Time: 5:30-6:30 pm, followed by drinks & canapés thanks to generous contributions from the co-host IP Lawyers Network Japan and sponsors: Asahi Breweries Ltd, Canon Europe Ltd, Fujitsu, Honda Motor Europe Ltd., Kameda Seika Co Ltd, and Niigata University.
CIPA and the IP Lawyers Network Japan are pleased to announce a joint seminar inviting the new Chief Judge of the Japan Intellectual Property High Court (an appeal court), Judge Ryuichi Shitara, as the speaker.
The talk will cover the following topics:
Overview of procedures and recent trends
Introduction to the latest notable IP High Court’s Grand Panel judgments:
  •   FRAND SEP, injunction and damages: Apple v Samsung
  •   Patent term extension: Genentech v Japan Patent Office
Speaker: Judge Ryuichi Shitara, Chief Judge of the Japan Intellectual Property High Court
Price: Free for both members and non-members
CPD: 1 Hour
CIPA members must book on this seminar using the 'book me on event' button [this link should, with luck, lead to the right page]. If non-members or ITMA members wish to book, or for more information on the event, please email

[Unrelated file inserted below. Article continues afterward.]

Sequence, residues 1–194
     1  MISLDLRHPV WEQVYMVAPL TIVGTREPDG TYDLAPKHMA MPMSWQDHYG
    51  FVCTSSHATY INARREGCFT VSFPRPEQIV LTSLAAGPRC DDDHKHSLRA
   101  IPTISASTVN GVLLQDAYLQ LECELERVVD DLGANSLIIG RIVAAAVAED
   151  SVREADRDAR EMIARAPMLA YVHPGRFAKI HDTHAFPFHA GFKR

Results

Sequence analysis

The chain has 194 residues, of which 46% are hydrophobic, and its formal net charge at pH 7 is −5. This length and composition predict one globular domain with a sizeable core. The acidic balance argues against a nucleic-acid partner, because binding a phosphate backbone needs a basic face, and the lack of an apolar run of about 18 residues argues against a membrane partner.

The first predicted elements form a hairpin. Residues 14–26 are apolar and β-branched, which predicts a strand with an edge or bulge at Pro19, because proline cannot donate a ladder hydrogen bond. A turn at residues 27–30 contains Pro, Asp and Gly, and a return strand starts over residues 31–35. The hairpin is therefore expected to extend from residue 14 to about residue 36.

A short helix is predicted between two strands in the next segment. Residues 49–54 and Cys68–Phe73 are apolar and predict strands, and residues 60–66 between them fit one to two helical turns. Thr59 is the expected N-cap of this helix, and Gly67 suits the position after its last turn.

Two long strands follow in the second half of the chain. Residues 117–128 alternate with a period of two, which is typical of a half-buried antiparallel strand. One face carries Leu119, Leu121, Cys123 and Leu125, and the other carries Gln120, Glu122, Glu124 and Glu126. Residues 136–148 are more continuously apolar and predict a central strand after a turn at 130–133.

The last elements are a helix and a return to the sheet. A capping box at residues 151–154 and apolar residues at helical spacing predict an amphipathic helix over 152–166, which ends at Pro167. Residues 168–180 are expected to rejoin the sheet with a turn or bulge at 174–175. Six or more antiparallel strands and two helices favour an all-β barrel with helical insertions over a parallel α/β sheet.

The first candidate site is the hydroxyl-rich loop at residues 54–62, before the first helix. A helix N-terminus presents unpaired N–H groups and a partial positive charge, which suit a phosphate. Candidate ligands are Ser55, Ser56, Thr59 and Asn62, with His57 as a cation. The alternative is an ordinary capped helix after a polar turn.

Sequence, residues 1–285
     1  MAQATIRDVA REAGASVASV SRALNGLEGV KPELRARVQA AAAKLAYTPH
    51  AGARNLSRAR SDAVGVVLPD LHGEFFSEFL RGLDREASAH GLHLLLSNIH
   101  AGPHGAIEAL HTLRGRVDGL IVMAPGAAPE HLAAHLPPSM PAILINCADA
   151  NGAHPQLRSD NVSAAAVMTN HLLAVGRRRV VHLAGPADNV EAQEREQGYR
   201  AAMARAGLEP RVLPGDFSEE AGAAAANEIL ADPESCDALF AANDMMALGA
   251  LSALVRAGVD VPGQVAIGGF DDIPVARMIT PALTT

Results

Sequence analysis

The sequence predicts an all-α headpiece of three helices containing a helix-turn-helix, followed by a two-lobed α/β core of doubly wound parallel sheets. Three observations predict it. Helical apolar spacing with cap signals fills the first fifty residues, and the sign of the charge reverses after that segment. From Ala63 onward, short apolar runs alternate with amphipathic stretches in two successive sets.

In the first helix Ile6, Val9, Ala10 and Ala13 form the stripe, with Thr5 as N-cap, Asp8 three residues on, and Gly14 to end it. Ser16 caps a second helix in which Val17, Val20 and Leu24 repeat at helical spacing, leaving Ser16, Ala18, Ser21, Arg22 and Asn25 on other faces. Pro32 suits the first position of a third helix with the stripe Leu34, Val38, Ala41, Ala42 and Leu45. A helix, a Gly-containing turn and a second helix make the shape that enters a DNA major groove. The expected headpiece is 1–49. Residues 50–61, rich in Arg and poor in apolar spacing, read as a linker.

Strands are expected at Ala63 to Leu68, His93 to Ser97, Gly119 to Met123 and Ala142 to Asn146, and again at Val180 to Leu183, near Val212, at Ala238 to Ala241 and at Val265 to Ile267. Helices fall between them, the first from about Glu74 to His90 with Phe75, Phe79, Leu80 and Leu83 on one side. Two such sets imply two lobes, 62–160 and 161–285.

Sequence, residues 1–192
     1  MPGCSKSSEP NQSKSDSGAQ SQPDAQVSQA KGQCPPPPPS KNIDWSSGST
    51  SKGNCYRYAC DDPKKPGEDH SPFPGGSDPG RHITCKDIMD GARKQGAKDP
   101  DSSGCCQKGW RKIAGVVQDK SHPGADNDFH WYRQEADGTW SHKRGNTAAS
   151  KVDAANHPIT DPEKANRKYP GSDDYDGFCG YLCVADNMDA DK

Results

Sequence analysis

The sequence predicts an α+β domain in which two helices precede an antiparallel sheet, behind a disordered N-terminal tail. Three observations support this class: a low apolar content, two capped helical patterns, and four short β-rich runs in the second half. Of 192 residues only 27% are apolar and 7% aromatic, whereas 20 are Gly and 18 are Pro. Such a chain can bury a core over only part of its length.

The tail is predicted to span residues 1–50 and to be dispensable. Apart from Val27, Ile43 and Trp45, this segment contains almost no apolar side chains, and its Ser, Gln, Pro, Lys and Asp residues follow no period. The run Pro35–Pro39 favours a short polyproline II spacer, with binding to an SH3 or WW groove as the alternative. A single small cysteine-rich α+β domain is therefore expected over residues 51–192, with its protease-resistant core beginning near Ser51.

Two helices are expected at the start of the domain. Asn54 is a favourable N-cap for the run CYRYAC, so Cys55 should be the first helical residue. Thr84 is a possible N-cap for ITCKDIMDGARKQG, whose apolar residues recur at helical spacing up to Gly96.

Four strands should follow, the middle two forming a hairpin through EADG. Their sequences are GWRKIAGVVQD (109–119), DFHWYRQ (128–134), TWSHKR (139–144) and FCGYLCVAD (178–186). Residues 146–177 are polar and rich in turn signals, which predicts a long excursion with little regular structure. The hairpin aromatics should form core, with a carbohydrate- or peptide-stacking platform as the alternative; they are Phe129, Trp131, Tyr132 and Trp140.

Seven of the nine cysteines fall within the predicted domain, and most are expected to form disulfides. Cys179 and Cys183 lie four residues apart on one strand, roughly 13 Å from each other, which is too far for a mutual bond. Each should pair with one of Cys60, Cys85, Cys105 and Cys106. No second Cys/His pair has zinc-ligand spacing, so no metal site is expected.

Fancy writing a report on this event for the CIPA Journal in exchange for a free place? For more information or to volunteer, please contact

Thursday, 19 March 2015

Patent litigation in England and Wales 2007-2013: is it a predictor for UPC behaviour?

Thanks to IP scholar and enthusiast Luke McDonagh my attention has been drawn to Examining Patent Cases at the Patents Court and Intellectual Property Enterprise Court 2007-2013, a 24-page report on patent litigation in England and Wales which was prepared by Luke together with two other scholars, Christian Helmers and Yassine Lefouili. You can access it on the GOV.UK website here.

To cut to the chase, the report concludes:
Our data show that 445 patent cases were filed at the PHC [that's the Patents Court] during 2007-2013, whereas a total of 96 patent cases were filed at the IPEC during the same 7-year period [presumably this includes cases filed in the Patents County Court, since the IPEC has only been in existence since 1 October 2013]. This demonstrates that the majority of patent litigation in the UK’s largest patent jurisdiction – England and Wales – takes place at the PHC rather than at the IPEC, even post-IPEC reforms [I think this is a reference to the Patents County Court reform of 1 October 2010, which have that court a considerable boost]. Nonetheless, we also observe that the amount of IPEC patent litigation has increased substantially post-reforms, while over the same period the PHC has not seen fewer cases – quite the opposite, in fact.